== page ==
Is it not amazing that it’s taken the news media this long to discover that Ronald Reagan was a role model? While he lived and even after he died, they shot every arrow and dropped every bomb they could on this man and his reputation.
Now that we’ve been marking his 100th birthday and America is celebrating, they find him useful. They’re trying to rub Reagan’s magic all over a floundering Obama.
After Obama’s latest State of the Union speech – a dreary, boring spectacle for a normally riveting speaker – all three networks praised Obama as “Reaganesque,” as if he were one of the sunniest American exceptionalists. The cover of Time promised to explain “Why Obama [Hearts] Reagan,” and the story inside the magazine was titled “The Role Model,” oozing that Obama “realized long ago that Ronald Reagan was a transformational president.”
This is all a grand deception.
The multitude of Americans who were very young or yet unborn in the Reagan years might be misled from one enormous reality: in his prime, Reagan was deeply dispised by the the same media that now honor him. He was stupid, he was uncaring, he was evil, he was senile, and he was going to ruin America, if not destroy the world in a nuclear war.
The Media Research Center has assembled a Special Report to recount some of the most pernicious and false attacks on Reagan. Let’s consider just a few examples, among hundreds.
Take the class war. The “news” people were always waging it. ABC’s Richard Threlkeld went to a Miami riot scene in 1989 and announced: “There is an Overtown in every big city in America. Pockets of misery made even meaner and more desperate the past eight years.” NBC’s Bryant Gumbel proclaimed in 1989: “Largely as a result of the policies and priorities of the Reagan administration, more people are becoming poor and staying poor in this country than at any time since World War II.”
NBC reporter Keith Morrison took the cake in 1992: “Did we wear blinders? Did we think the ’80s just left behind the homeless? The fact is that almost nine in ten Americans actually saw their lifestyle decline.” Morrison completely ignored reality: Census Bureau data shows median family income increased in all income classes from 1981 to 1989.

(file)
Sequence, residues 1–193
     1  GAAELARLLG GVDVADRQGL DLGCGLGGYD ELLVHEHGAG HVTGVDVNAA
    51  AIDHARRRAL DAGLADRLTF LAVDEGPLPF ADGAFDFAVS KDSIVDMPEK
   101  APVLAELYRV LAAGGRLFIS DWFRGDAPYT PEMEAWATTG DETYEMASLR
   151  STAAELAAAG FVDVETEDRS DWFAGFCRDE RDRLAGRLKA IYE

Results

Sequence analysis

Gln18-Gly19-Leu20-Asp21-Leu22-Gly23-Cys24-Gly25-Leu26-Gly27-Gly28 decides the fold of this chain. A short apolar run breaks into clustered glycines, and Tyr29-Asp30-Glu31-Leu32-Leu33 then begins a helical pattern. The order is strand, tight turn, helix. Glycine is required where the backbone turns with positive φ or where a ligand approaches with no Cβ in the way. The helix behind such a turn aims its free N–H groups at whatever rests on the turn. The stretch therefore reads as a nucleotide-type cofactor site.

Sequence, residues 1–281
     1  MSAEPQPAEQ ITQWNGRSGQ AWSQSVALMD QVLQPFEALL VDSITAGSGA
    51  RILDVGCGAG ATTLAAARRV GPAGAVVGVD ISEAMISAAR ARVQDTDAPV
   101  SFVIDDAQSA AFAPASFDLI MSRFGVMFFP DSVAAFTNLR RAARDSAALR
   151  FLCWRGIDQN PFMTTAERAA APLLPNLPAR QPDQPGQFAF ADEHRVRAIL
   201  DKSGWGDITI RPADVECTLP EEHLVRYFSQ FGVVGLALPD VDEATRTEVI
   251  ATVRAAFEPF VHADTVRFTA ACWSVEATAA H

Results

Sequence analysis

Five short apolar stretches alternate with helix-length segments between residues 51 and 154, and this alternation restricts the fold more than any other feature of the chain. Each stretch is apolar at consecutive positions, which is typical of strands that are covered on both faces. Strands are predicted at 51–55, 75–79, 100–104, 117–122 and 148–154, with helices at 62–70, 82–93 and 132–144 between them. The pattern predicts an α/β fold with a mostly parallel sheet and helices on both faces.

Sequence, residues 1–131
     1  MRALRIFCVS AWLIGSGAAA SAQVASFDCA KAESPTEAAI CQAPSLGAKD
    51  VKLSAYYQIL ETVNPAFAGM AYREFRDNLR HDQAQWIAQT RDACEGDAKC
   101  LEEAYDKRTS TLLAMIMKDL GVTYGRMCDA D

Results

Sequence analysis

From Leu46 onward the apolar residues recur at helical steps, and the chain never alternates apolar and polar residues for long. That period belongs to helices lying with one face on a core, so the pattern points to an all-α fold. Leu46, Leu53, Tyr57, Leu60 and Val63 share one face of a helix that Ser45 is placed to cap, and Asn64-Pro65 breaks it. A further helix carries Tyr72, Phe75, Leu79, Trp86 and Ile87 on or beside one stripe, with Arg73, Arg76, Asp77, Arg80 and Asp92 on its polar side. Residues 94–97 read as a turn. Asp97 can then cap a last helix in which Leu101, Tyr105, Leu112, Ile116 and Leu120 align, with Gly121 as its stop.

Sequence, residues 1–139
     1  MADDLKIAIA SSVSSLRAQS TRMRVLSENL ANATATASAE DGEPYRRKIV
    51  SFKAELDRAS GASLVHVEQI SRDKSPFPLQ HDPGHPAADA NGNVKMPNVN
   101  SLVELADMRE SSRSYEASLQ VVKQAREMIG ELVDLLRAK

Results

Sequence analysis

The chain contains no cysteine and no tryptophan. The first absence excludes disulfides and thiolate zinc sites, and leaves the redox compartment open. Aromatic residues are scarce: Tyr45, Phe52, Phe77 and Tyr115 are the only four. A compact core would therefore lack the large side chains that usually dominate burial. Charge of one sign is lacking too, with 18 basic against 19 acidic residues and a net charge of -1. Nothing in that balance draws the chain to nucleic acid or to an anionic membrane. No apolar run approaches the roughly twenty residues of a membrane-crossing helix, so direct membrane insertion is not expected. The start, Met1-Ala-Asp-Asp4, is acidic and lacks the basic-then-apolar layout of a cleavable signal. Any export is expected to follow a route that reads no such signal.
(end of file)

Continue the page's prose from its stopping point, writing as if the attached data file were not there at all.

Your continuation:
The meanest attack was that Reagan’s lack of caring led to a pile of AIDS deaths. NBC’s Maria Shriver asked activist Elizabeth Glaser at the 1992 Democratic convention: “You place the responsibility for the death of your daughter squarely on the feet of the Reagan administration. Do you believe they’re responsible for that?”
A 1998 PBS program on Reagan claimed: “AIDS became an epidemic in the 1980s, nearly 50,000 died. Reagan largely ignored it.” CBS “Sunday Morning” TV critic John Leonard sneered that Reagan “took this plague less seriously than Gerald Ford had taken swine flu. After all, he didn’t need the ghettos and he didn’t want the gays.” He added, as Reagan’s legacy: “by 1992, 194,364 American men, women, and children were dead.”
(In reality, AIDS funding skyrocketed in the 1980s, almost doubling each year from 1983 – when the media started blaring headlines – from $44 million to $103 million, $205 million, $508 million, $922 million, and then $1.6 billion in 1988. This is what CBS calls “largely ignoring it.”)
But defense spending was, by contrast, an enormous waste. Take it from ABC’s Jim Wooten in 1990: “The dreaded federal deficit, created, for the most part, by the most massive peacetime military buildup in America’s history.” (But in 1990, defense spending was a fourth of the budget and had decreased 16 percent in the previous five years, while entitlements were half the budget and grew sharply.)
The reality of the Reagan years was a historic economic recovery, a strong defense posture that led to the demise of the Soviet empire, and an America that once more burst with pride. But media liberals were so obstinate in denying reality that CBS’s Morley Safer huffed just days after Reagan passed away: “When it gets down to the real substance, I don’t think history has any reason to be kind to him.”
All Reagan received was mudballs like this one from NBC’s Tom Brokaw at the end of 1989: “Reagan, as commander-in-chief, was the military’s best friend. He gave the Pentagon almost everything it wanted. That spending, combined with a broad tax cut, contributed to a trillion-dollar deficit…. Social programs? They suffered under Reagan. But he refused to see the cause and effect.”